The SpaceX Crew Dragon Endeavour docked with the International Space Station (ISS) early Saturday, a livestream showed.

Soft capture -- the first phase of docking -- occurred at 5:08 am Eastern time (0908 GMT), 264 miles (424 kilometers) over the south Indian Ocean.

Hard capture, the second stage, occurred about 10 minutes later, when 12 hooks were securely attached between Endeavour and the ISS's forward port.

‘Hard capture complete, welcome Crew-2,’ said US astronaut Shannon Walker, current commander of the ISS.

‘Thanks Shannon, we're glad to be here, we'll see you all in a few minutes,’ replied Endeavour's commander, US astronaut Shane Kimbrough.

The vestibule between the capsule is now being pressurized so that the hatches of both Endeavour and the space station can be opened.

The hatches should be opened around 7:15 am (1115 GMT), with a welcoming ceremony to follow at 7:45 am.

The Crew-2 mission, which includes the first European, Thomas Pesquet of France, blasted off from pad 39A at the Kennedy Space Center in Florida before dawn on Friday.

Endeavour is carrying the third crew sent to the ISS by SpaceX, as part of the company's multibillion dollar contract with NASA.

It's also Endeavour's second trip to the ISS.

It first flew there on the Demo-2 mission in May 2020, which ended almost a decade of US reliance on Russia for rides to the ISS following the end of the Space Shuttle program.



Astronauts aboard SpaceX capsule prepare for docking at ISS

A recycled SpaceX Crew Dragon capsule with four astronauts aboard was speeding on its way to the International Space Station, where the spacecraft is set to dock early Saturday.

It was the third crew sent to the ISS by SpaceX, as part of its multibillion dollar contract with NASA, and the first time the company was reusing a rocket and spacecraft.

The Crew-2 mission, which includes the first European, Thomas Pesquet of France, blasted off from pad 39A at the Kennedy Space Center in Florida before dawn on Friday.

‘We're glad to be back in space,’ said mission commander Shane Kimbrough of the United States.

The Crew Dragon capsule, named Endeavour, is expected to dock with the ISS at 5:10 am (0910 GMT) Saturday. The hatch will open two hours after that.

Flying on used vehicles is a key cost-saving goal of NASA's partnerships with private industry.

Three white Teslas that whisked the astronauts to the launchpad bore license plates reading ‘recycle,’ ‘reuse,’ and ‘reduce’ -- a nod to the fact that both the Falcon 9 booster and Endeavour were deployed on previous missions.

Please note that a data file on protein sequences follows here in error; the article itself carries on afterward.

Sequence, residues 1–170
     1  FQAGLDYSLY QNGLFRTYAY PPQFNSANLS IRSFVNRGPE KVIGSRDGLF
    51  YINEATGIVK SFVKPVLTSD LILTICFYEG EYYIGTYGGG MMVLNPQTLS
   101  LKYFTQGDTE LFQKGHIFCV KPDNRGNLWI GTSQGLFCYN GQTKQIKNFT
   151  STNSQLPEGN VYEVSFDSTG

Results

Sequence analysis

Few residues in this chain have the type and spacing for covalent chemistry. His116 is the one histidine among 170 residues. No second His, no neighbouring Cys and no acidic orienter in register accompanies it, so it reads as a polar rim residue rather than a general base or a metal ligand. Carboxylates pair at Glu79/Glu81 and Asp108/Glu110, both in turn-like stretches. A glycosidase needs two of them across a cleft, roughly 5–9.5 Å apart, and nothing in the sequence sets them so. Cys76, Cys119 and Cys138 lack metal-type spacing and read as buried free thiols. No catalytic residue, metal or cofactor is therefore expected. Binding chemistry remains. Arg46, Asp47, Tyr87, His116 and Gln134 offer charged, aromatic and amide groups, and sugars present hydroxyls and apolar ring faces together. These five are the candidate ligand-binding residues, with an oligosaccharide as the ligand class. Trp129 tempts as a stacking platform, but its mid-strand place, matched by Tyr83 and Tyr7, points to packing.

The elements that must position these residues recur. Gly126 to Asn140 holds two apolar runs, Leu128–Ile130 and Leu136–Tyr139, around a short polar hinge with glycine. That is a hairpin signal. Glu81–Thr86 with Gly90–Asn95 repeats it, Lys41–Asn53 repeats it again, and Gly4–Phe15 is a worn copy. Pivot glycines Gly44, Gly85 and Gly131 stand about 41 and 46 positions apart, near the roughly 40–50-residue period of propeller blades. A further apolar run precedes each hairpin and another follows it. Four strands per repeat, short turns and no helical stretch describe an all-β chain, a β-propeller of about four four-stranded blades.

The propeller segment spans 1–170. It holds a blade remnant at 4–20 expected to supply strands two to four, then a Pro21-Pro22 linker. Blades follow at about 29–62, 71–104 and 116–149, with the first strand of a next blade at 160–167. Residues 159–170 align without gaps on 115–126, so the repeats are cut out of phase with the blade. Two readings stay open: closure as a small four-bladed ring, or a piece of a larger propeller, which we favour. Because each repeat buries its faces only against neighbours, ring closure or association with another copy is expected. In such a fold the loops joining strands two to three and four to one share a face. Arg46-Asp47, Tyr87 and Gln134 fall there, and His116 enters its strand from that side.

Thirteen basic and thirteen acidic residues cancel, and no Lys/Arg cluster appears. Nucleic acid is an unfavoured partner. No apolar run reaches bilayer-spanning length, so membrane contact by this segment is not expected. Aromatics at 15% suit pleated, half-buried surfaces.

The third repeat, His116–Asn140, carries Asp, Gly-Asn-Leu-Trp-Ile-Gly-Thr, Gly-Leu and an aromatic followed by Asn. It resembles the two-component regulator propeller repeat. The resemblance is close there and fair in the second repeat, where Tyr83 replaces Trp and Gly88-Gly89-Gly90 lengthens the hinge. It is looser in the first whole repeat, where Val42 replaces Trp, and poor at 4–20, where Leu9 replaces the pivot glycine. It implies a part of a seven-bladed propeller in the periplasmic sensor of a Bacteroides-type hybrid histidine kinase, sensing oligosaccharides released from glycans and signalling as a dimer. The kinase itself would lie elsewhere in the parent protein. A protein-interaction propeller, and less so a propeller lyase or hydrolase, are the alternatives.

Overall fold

SpaceX's first crewed mission to the ISS launched last May, ending nine years of American reliance on Russian rockets for rides, following the end of the Space Shuttle program.

‘I think we're at the dawn of a new era of space exploration,’ said SpaceX founder Elon Musk, who made a surprise appearance at the post-launch press conference.

The arrival of the space quartet -- which also includes American Megan McArthur and Japan's Akikho Hoshide -- will bring the number of people on the station to 11, as the Crew-2 team overlaps for a few days with Crew-1 astronauts, in addition to three Russian cosmonauts.

- Major step for Europe –

The launch is a major milestone for Europe, which named the mission ‘Alpha’ after the star system Alpha Centauri.

‘This is really the golden era for us in terms of exploitation of the International Space Station,’ Frank De Winne, head of ISS programs for the European Space Agency (ESA), told AFP.

Germany's Matthias Maurer and Italy's Samantha Cristoforetti are set to follow Pesquet on SpaceX missions, this fall and next spring respectively.

The next module of the ISS, built by Russia, should reach the station in July and will include a robotic arm built by ESA that Pesquet will help make operational, added De Winne.

ESA will also be a key partner to the United States in the Artemis program to return to the Moon, providing the power and propulsion component for the Orion spacecraft, and critical elements of a planned lunar orbital station called Gateway.

- Science goals –

The Crew-2 team has around 100 experiments in the diary during their six-month mission.

These include research into what are known as ‘tissue chips’ -- small models of human organs that are made up of different types of cells and used to study things like aging in the immune system, kidney function and muscle loss.

In terms of the environment, by the time Crew-2 returns in fall, it will have taken 1.5 million images of the Earth, documenting phenomena like artificial lighting at night, algal blooms, and the breakup of Antarctic ice shelves.

Another important element of the mission is upgrading the station's solar power system by installing new compact panels that roll open like a huge yoga mat.

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